He was like, “I am your friend, don’t act like I’m not… “, he then asked, “are you having breakfast..? come & sit“… at which point I couldn’t lie, so I went to sit down. Then he asked me some questions; how long am I staying here, what am I doing, and where I am from… so I said London, etc. he then replies, “you will not be going back there…“
(You know when your face changes, eyebrows are all squash up… i.e frowning!) I’m like “where?” he replies: “wherever you came from. We will make you a Ugandan resident.”
Now to me, this
I became quite scared. So I proceeded to eat my breakfast and went to my room to get whatever I needed before leaving, and I noticed that he was extending his neck to look up at my door number. I was like whyyy did I talk to him. Lol but as said above, I really couldn’t have predicted what was going to come from a simple hello…
I experienced similar encounters in different ways and forms, and it got to a point where something inside me said, ok this has GOT to be a joke. But it was initially very hard to deal with when I was in the country alone – no UK team… not feeling particularly comfortable and for 2 months, so I was thinking ah they actually have time to plan it if this is a serious suggestion. Oh and previously I had never heard this ‘joke’.
What was the money spent on?
I cannot thank you enough all those who donated!
I am very happy to say that the money met a variety of needs; it was split between the inclusive education team – who support those at school who have additional education needs, some of the funds also went towards Child Mothers, so young girls accessing the service who are still considered a child but are also now a mother to a baby, this was in order to help sustain these interventions.
We also used some of the funds to have a celebratory meal on my last day working for Passion 4 Community; we bought a goat, and I saw it get killed :’(, and the kids and staff enjoyeddd, instead of having posho and beans everyday like they usually do for lunch.
It is also good to know that some of the fundraising has been used to support the Prison Ministry which the CEO of the charity is also involved in; with £100, we were able to buy 25 bibles, and exercise books and pens which they can be using to further their studies .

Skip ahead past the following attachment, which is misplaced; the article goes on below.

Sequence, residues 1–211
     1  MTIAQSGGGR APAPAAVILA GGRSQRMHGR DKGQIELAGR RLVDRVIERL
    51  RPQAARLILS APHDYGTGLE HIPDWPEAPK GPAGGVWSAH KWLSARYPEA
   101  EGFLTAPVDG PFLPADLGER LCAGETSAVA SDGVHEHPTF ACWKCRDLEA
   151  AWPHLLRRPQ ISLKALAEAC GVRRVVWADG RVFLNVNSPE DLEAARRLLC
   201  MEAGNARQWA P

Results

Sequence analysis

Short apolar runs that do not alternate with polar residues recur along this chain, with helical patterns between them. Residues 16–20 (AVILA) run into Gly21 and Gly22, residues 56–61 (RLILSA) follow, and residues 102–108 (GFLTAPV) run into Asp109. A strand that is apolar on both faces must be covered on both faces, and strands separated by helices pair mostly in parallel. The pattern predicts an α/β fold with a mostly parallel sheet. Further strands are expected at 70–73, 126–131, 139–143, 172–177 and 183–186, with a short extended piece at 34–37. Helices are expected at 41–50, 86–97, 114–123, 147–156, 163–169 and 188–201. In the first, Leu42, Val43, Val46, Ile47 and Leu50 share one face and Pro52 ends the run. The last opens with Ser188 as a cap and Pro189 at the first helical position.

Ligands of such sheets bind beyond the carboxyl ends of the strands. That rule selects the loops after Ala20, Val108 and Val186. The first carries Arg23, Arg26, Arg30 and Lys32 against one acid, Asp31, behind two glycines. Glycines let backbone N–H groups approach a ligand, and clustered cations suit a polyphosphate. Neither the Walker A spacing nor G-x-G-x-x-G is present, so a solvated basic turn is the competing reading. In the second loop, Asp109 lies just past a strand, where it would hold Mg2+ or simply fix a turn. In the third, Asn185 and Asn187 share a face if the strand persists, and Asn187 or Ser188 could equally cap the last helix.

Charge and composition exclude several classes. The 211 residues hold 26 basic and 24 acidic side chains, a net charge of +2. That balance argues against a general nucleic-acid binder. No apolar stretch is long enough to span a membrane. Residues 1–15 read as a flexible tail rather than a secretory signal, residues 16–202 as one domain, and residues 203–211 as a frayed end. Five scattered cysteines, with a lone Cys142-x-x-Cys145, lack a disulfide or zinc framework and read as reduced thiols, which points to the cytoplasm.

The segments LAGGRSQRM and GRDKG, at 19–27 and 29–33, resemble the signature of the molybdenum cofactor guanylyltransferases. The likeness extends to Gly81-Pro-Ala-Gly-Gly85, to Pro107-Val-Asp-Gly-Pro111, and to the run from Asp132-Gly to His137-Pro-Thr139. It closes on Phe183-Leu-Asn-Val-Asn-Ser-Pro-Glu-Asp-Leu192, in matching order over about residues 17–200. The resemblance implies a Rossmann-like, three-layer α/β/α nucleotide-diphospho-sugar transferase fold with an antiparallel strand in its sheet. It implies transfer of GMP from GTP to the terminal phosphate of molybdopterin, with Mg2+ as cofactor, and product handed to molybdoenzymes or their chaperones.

Money has also been used to help & support students pay for their university fees (which differs depending on your university of choice, I know one girl pays £60 per semester, whereas others can be as much as £275 per semester – both of which in Ugandan currency is quite a lot of money), as well as small-scale needs of the community, e.g. paying for one month’s electricity, etc.
How did I benefit/How has it changed me as a person?
Well firstly, I feel as though this trip was more about me surviving and getting through it, than the actual volunteering aspect. I personally learnt to deal with a LOT.
Before going I was repeatedly being told that I was ‘brave’ etc… I never realised why until I experienced some of the stuff I did… it made perfect sense!
- My first few days back, I literally felt like I could do anything, given my two month Ugandan experience. I felt triumphant and that nothing is a problem. A trip like this will change you and really help you to deal with, and manage what life throws at you. To deal with all different types of people.
- I’ve learnt to rely on God in a new way.
- I also feel I have become much more of a giver, which I am so grateful for.
- An increased willingness to try things… or just do it. Go for it. Don’t be held back.
- Also, learnt about not knowing a place until you know it culturally and historically. Not taking any place or person based on where they are now, but what has made that place/people that way. What is it’s history, what has been part of the shaping to make the people the way they are today?
Even typing this… it’s crazy to think, that I, Shaneka have had such an experience… if you even know where I have come from and my own life history. I am shocked. I legit never travelled growing up. It’s something we couldn’t afford and I never really thought about it. Even whilst at uni, I remember being asked would I live anywhere else in the world… and I was kind of like, I’ve never really contemplated that… going to Africa was something I thought would be ‘so cool’, but not being of African heritage, it always appeared a distant reality.
There is so much to say, seriously.
I can’t necessarily come back and say it was amazing – because that wouldn’t be honest, much of it was hard. But it has definitely left an impact on me, and the people there for sure. But I can say that I have done something which my heart longed for in 2017. I can say; go and follow your dreams and your hearts desires, and make them a reality… that’s what I did. It may not have looked like what I thought it would, but that doesn’t take away from the fact that I did something I wanted to do.